Real Estate Sales – Fewer homes being built and sold means fewer jobs in real estate sales. The transferable skills that employers in other fields value include lead generation for sales; interpersonal and communication skills; telemarketing; customer service; big-ticket sales of consumer goods (anything from furs to jewelry to boats and luxury watches); client relations; and marketing communications.
Banking and Finance – Transferable skills include mathematical and analytical, computer applications, financial analysis, and general accounting and bookkeeping skills. Knowledge of personal financial counseling and planning, credit and collections, and processing electronic transactions also make you an attractive candidate for careers outside finance. Finally, customer relations and communication skills prepare you for work in many fields.
Human Services and Not-for-Profit – The recession has also caused many nonprofits to cut jobs in human services and advocacy. Still, the skills gained in these areas can be transferred to other industries and occupations. Interpersonal and communication skills are fundamental to many caregiving occupations, including personal home care. Knowledge of public and private benefit programs can help you perform “individual service” occupations in government and education. The Social Security Administration and Veterans Administration, for example, offer many jobs suited to the skills you may have acquired in human service and not-for-profit organizations and occupations. You may also bring more general skills to the table, including finance and budgeting, accounting, project management, and general administrative supervision.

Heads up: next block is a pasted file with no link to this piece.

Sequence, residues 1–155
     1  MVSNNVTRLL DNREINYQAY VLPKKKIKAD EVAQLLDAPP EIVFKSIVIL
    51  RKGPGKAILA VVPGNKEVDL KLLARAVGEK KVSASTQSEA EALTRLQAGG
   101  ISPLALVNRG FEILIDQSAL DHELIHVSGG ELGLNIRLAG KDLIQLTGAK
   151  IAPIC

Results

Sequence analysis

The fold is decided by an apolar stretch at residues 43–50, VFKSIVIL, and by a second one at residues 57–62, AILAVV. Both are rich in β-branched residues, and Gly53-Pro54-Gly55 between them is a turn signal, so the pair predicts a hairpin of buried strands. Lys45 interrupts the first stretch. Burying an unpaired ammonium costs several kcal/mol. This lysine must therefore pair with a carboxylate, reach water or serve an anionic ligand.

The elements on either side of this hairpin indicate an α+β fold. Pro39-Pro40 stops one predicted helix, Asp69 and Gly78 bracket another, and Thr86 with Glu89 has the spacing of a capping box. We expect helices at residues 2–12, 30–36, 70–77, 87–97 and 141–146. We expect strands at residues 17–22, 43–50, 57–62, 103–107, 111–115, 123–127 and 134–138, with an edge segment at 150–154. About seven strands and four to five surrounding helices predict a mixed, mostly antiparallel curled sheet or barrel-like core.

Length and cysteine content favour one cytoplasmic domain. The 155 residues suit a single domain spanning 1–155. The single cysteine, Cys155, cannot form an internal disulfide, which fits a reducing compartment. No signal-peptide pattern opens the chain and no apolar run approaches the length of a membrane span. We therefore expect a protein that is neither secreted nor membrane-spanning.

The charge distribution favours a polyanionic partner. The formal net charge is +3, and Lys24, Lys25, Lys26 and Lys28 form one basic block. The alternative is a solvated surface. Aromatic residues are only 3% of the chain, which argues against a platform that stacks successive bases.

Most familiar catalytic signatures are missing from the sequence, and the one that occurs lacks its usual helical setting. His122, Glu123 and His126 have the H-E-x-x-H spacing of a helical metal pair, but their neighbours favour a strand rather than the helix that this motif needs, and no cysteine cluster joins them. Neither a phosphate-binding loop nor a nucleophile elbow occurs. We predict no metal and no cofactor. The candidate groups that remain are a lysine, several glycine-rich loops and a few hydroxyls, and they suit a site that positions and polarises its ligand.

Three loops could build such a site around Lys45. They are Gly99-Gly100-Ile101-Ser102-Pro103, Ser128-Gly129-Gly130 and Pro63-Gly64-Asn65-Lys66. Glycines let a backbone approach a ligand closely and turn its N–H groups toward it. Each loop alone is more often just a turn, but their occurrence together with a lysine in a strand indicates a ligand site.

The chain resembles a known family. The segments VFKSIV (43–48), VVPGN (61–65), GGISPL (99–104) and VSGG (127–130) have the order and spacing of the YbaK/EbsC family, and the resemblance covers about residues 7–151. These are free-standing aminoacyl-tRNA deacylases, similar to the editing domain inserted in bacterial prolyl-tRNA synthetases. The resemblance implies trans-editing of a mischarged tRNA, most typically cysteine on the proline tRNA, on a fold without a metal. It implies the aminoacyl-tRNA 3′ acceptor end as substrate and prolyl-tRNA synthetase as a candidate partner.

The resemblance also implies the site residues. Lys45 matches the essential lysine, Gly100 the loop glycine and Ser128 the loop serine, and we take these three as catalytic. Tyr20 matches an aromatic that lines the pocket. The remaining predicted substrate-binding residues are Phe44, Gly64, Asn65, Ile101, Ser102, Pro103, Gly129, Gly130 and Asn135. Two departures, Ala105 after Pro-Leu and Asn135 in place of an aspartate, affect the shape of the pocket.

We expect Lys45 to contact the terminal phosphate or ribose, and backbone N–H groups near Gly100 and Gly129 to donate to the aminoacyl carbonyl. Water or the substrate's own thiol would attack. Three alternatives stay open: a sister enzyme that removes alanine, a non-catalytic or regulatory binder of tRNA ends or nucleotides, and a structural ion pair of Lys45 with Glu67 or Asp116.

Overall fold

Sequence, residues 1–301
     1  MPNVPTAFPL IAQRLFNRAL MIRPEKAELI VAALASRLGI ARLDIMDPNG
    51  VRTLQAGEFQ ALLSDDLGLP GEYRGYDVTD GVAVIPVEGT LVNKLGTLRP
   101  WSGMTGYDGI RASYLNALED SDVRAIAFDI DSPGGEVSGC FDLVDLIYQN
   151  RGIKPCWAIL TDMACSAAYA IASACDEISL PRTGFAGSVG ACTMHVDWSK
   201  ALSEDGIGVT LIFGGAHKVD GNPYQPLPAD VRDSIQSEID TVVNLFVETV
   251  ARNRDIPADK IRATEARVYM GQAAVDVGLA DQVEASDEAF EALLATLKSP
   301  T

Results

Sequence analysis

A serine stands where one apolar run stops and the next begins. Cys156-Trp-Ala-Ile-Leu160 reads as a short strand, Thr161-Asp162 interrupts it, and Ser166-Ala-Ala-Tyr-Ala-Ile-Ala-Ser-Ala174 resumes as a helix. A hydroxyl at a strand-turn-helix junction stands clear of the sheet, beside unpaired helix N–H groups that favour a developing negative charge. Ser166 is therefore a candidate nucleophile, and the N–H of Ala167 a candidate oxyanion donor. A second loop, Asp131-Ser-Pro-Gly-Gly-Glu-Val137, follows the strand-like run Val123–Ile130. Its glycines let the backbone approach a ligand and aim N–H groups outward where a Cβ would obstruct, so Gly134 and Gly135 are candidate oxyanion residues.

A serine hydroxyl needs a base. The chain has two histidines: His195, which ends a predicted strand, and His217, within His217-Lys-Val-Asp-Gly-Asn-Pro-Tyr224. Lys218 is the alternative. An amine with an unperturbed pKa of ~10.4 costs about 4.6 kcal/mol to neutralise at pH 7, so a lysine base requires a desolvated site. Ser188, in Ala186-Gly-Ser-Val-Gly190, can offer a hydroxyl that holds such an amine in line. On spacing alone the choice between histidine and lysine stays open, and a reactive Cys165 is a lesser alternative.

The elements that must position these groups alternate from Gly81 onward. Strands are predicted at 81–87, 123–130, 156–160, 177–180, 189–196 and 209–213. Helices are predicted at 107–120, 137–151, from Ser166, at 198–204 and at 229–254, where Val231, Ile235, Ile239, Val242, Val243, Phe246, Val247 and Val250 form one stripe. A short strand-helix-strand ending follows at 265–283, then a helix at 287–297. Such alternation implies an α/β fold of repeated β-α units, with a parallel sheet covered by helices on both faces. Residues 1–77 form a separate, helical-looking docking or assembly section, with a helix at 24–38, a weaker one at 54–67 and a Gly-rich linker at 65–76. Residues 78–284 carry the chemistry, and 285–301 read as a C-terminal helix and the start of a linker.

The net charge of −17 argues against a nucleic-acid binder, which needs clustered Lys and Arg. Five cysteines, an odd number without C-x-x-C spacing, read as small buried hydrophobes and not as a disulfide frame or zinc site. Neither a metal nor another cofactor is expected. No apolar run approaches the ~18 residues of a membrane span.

General Administrative – The combination of the recession, outsourcing of administration and support jobs, and increasing computer automation has produced significant job loss in administration. Nonetheless, many occupations demand organization and planning, customer relations, communication, budgeting and finance, computer, and project management skills.
What Gets You Hired: Experience or Skill Set?
A big part of getting the greatest value from your transferable or marketable skills and capabilities is to stop viewing yourself as “being” a specific job or occupation.
“I’m a school principal. What else can I do if there are no schools in need of a principal?” Don’t get caught in this rut. School principals have to be good administrators, educators, communicators and negotiators, finance managers, facility managers, and supervisors. Why not consider a training-level management job in a commercial setting? It may not be an elementary school, but managing a workplace often requires the same skills.
Get a pad and pencil and start listing your transferable capabilities and knowledge (some features of your skill set may come from family life or volunteering). Then ask yourself what other industries and occupations could use those competencies. Emphasize your marketable skills in job applications and résumés. Sell what you can do, not what you’ve been.